Vermont Sued over GMO Labeling Law
Four national organizations whose members would be affected by Vermont's new labeling law for genetically engineered foods filed a lawsuit Thursday in federal court challenging the measure's constitutionality.
"Vermont's mandatory GMO labeling law — Act 120 — is a costly and misguided measure that will set the nation on a path toward a 50-state patchwork of GMO labeling policies that do nothing to advance the health and safety of consumers," the Grocery Manufacturers Association said in a statement about the lawsuit.
"Act 120 exceeds the state's authority under the United States Constitution and in light of this GMA has filed a complaint in federal district court in Vermont seeking to enjoin this senseless mandate."
The Legislature passed the labeling law in April, and Gov. Peter Shumlin signed the bill in May. The labeling requirements would take effect in two years: July 1, 2016.
Lawmakers, the governor and the attorney general expected the law to be challenged in court. Trade groups had promised to fight the law in court.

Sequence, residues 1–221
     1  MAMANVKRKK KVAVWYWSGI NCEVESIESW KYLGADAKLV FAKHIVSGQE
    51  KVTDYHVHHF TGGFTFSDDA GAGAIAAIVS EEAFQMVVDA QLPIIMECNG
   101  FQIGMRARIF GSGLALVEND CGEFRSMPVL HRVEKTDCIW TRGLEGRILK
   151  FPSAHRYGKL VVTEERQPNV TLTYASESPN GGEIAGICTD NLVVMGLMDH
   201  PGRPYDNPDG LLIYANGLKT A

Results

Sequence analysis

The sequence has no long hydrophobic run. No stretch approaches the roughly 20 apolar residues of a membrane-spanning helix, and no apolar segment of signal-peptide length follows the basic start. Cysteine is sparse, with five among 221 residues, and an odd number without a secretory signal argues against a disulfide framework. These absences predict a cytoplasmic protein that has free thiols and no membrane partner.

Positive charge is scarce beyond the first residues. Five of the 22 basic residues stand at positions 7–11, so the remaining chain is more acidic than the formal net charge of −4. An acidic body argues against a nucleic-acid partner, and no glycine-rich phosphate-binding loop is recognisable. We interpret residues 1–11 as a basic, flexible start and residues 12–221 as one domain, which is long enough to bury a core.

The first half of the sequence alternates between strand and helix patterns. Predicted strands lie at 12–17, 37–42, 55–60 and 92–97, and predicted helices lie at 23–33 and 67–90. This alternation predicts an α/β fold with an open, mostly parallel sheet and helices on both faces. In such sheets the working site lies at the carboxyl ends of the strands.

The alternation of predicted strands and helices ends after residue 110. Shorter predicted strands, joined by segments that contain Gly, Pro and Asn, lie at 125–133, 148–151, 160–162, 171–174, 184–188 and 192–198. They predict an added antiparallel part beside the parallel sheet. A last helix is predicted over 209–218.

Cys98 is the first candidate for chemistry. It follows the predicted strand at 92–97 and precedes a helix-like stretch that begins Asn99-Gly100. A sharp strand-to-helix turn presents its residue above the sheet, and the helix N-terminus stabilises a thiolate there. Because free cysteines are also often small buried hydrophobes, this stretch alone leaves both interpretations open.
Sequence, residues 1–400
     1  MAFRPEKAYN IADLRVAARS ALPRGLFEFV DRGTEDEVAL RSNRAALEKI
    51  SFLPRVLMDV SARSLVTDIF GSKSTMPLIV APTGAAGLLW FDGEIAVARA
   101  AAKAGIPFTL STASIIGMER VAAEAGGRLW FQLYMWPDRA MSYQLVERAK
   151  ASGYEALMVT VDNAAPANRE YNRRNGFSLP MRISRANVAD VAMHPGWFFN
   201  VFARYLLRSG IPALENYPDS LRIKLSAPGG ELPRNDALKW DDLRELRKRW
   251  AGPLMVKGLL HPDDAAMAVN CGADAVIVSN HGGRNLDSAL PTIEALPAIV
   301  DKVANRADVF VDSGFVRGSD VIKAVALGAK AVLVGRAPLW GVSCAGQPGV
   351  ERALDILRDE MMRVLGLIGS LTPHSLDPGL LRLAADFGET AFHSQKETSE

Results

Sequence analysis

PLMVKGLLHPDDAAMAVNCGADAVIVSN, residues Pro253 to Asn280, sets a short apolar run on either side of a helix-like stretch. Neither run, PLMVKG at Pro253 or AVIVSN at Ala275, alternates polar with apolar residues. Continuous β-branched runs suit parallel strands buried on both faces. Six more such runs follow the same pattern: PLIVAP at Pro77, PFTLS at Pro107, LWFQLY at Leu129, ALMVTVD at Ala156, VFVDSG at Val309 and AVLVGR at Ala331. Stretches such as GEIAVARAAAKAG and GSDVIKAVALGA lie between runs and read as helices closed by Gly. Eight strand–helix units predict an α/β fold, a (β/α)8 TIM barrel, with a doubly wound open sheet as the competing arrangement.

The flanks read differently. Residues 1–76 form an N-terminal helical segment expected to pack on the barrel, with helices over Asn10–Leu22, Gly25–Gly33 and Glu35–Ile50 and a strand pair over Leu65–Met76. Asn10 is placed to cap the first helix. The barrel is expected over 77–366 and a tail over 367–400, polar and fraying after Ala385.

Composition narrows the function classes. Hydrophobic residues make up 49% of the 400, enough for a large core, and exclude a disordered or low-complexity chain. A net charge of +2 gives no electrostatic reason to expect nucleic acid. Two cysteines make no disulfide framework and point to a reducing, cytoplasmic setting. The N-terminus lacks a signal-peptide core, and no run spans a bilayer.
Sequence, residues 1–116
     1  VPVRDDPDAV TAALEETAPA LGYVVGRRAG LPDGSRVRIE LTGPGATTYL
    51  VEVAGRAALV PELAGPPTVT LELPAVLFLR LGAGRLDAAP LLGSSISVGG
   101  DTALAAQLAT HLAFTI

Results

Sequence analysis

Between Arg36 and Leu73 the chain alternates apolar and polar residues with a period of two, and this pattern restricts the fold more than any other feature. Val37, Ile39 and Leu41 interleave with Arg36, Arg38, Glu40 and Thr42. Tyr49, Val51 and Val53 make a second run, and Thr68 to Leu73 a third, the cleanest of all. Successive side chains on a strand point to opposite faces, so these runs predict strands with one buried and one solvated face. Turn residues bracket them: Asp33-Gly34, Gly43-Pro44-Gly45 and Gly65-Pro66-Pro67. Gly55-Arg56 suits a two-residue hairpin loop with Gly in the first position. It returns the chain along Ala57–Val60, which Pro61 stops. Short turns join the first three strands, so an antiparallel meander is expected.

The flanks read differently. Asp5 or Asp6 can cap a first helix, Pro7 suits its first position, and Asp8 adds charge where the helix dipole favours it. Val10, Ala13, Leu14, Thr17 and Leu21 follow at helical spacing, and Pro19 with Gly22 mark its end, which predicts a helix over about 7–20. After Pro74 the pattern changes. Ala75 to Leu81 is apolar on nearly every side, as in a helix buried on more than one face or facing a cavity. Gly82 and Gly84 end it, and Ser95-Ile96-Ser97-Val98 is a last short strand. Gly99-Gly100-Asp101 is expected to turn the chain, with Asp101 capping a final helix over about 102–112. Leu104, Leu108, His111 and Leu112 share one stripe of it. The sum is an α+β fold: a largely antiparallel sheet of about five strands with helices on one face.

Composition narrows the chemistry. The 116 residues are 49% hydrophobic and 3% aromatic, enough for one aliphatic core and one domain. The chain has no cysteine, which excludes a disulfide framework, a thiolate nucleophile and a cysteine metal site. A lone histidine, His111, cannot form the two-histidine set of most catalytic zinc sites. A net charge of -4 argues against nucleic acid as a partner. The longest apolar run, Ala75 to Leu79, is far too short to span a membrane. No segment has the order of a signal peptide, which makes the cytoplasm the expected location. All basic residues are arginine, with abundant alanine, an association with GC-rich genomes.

Attorney General William Sorrell noted Thursday he had advised lawmakers as they deliberated that the law would invite a lawsuit from those affected "and it would be a heck of a fight, but we would zealously defend the law."
"We have been gearing up," Sorrell said when reached Thursday afternoon in New York City. His office had yet to be served with the complaint.
"I want to see the nature of the attack on the law," he said, but added, "I don't think there are going to be any surprises."
The statement from the Grocery Manufacturers Association summarizes the grievances of the four plaintiff organizations: GMA, the Snack Food Association, the International Dairy Foods Association and the National Association of Manufacturers.
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